International justice at work
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The International Criminal Tribunal for the Former Yugoslavia last week took custody of the last remaining fugitive from international justice involved in the Yugoslav wars of the 1990s. Goran Hadzic, discovered hiding in a mountainous region of Serbia, was arrested by a special police unit and transferred to The Hague on Friday.
When I served with the tribunal, my team investigated Hadzic, a former president of the so-called "Republic of Serbian Krajina" in Croatia.
In 2001, he was named as an unindicted co-perpetrator in the indictment against former Serbian President Slobodan Milosevic for crimes alleged to have been committed in Croatia. Three years later, he was indicted individually for his alleged role in the murder, torture and persecution of innocent civilians and unarmed combatants. Allegations include the abduction of approximately 264 patients from Vukovar hospital who were subsequently transported to a remote execution site where they were shot dead and buried in a mass grave.
Throughout the wars in Yugoslavia, thousands and thousands of innocent victims were abducted, tortured and murdered. Rape camps were established, and hundreds of thousands of women, children, elderly and infirm were driven from their homes. Refugees were dispersed throughout the world, including in Pittsburgh, which has one of the largest ethnic populations of Croats and Serbs in the United States.
All of these victims have waited for justice. And now that day has come.
The arrest of Hadzic, following on all the others, is a victory for the United Nations and all of humanity.
Meanwhile, taxpayers around the world complain about the misuse of public funds by their governments, and governments make the same complaint about intergovernmental organizations. The United Nations is often the prime target.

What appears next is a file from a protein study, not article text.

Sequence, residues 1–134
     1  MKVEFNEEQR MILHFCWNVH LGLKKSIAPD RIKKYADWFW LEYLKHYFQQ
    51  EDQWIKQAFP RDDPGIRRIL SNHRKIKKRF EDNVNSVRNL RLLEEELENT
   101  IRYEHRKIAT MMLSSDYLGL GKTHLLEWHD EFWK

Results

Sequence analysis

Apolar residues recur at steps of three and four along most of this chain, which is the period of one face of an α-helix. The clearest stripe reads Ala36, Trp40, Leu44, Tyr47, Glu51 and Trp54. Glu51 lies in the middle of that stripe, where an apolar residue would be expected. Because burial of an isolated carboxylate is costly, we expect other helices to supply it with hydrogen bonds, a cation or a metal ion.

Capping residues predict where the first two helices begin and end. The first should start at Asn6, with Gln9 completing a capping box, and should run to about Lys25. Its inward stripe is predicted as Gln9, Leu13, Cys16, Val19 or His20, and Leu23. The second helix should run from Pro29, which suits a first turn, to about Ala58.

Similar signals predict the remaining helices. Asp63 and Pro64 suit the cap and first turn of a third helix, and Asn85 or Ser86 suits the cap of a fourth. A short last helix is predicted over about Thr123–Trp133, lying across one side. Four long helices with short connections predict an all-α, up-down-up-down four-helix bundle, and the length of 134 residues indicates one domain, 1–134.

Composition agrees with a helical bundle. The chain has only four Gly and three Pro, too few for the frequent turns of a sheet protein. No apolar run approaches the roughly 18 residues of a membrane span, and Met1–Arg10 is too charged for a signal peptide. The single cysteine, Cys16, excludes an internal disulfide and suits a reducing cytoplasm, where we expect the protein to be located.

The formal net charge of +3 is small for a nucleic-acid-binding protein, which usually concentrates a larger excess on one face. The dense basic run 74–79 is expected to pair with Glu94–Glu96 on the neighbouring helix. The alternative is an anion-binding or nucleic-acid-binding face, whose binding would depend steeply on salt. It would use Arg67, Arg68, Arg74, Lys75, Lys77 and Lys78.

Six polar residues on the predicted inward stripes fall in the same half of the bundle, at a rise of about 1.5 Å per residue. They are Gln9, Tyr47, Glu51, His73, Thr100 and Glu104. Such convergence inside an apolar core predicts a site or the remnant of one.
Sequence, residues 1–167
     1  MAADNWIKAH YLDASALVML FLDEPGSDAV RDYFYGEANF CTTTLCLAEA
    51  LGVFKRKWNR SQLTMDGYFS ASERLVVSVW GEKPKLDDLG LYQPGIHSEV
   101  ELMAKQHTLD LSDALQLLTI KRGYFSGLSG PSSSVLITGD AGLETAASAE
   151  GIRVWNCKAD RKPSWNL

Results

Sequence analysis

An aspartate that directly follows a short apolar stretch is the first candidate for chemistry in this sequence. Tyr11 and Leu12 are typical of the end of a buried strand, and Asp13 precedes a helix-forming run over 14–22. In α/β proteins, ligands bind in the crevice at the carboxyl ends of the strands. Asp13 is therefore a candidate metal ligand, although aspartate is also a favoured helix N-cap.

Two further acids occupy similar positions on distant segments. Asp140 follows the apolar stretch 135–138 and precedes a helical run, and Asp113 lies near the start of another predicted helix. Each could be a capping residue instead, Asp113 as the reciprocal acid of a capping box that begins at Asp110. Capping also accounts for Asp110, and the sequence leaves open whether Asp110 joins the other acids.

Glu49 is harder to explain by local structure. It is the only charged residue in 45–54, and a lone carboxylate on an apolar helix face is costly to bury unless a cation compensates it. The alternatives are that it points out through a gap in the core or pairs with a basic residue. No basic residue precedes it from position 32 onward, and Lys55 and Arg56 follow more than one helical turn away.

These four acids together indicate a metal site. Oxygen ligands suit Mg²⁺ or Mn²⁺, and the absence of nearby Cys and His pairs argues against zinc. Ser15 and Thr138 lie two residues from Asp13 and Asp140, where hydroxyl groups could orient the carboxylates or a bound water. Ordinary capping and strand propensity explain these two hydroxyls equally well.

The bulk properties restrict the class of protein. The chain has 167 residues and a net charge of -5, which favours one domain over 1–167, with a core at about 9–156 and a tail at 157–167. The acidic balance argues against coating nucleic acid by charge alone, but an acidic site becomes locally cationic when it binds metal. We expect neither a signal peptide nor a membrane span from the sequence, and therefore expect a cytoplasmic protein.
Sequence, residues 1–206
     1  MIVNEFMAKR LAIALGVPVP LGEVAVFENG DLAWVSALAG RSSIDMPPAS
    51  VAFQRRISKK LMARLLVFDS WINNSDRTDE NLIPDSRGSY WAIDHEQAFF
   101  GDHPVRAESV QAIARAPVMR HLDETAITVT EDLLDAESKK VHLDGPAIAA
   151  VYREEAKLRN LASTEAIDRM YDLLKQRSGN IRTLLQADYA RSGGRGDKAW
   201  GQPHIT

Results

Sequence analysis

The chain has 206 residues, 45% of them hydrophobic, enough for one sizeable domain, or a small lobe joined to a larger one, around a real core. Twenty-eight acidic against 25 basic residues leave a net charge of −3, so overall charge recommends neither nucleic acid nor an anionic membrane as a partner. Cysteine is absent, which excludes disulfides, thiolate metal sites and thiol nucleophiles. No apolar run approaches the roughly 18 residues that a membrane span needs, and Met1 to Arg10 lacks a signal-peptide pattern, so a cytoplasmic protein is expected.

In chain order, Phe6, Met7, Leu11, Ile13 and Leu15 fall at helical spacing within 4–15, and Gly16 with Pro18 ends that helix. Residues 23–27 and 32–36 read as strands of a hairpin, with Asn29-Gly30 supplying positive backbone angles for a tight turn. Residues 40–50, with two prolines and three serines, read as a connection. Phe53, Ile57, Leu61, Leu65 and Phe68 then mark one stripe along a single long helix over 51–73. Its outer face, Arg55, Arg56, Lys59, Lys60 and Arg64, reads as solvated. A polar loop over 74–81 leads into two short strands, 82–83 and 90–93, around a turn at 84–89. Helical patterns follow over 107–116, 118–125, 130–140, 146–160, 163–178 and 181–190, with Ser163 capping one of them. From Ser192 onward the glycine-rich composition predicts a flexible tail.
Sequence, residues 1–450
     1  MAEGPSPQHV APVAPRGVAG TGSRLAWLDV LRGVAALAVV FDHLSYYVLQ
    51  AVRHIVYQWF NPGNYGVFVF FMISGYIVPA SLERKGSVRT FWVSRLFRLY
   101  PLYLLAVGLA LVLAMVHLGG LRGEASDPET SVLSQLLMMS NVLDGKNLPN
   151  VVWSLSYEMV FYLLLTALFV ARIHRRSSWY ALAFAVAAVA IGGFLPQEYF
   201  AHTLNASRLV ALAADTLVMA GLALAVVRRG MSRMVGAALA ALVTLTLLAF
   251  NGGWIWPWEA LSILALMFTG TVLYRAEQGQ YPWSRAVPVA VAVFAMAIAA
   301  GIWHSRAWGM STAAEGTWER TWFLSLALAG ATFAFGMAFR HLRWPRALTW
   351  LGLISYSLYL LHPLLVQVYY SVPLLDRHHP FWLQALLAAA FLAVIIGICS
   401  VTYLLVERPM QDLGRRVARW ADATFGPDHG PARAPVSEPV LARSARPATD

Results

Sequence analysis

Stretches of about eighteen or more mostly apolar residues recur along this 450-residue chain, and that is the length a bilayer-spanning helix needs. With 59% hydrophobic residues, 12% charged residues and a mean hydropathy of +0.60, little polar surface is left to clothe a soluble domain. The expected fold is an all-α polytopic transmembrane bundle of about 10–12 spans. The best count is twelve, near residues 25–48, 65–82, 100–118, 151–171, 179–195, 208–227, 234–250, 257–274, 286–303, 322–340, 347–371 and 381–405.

My experience has been that there are countless international civil servants who undertake selfless service for the betterment of others. And one independent U.N. agency stands above most others: the International Criminal Tribunal for the former Yugoslavia.
The vast majority of the men and women who work for the ICTY are career criminal justice professionals who have interrupted their careers to come to The Hague from all over the world to serve the cause of international justice.
They are experienced police investigators with backgrounds in homicide, organized crime, sexual assault and conspiracy investigations. And they are career prosecutors with experience in major criminal cases, international law and military justice who work tirelessly for victims and their families.
Military and criminal intelligence analysts, as well as political research officers, bring years of analytical experience to the table. Victim and witness protection officers ensure the safety of the vulnerable and try to make sure they are not victimized a second time.
Working together, teams of war crimes investigators and prosecutors examine some of the most difficult and horrific crimes in the world -- atrocities that shock the conscience of mankind and rise to the level of crimes against all of humanity. They must wallow in acts of unimaginable depravity.
Nevertheless, there are those who complain about international criminal tribunals, particularly their cost and the pace at which trials proceed.
Most of these cases do take a long time to resolve, and there is room for legitimate criticism. But it must be remembered that international criminal tribunals like the ICTY are hybrid systems that blend the best of the common law legal system of England, which operates in the United States, and the civil law systems found throughout continental Europe and Latin America. They oversee massive criminal prosecutions that require years of evidence collection and complex criminal, military and political analysis.
Still, despite the enormity of the undertaking and the criticisms about the time and resources expended, the committed efforts of war crimes investigators and prosecutors bring the accused to the dock, one by one. And as they do, they deliver a message to would-be war criminals everywhere: Kill and rape, maim and torture, and you will be hunted down.
First Published July 25, 2011 12:00 am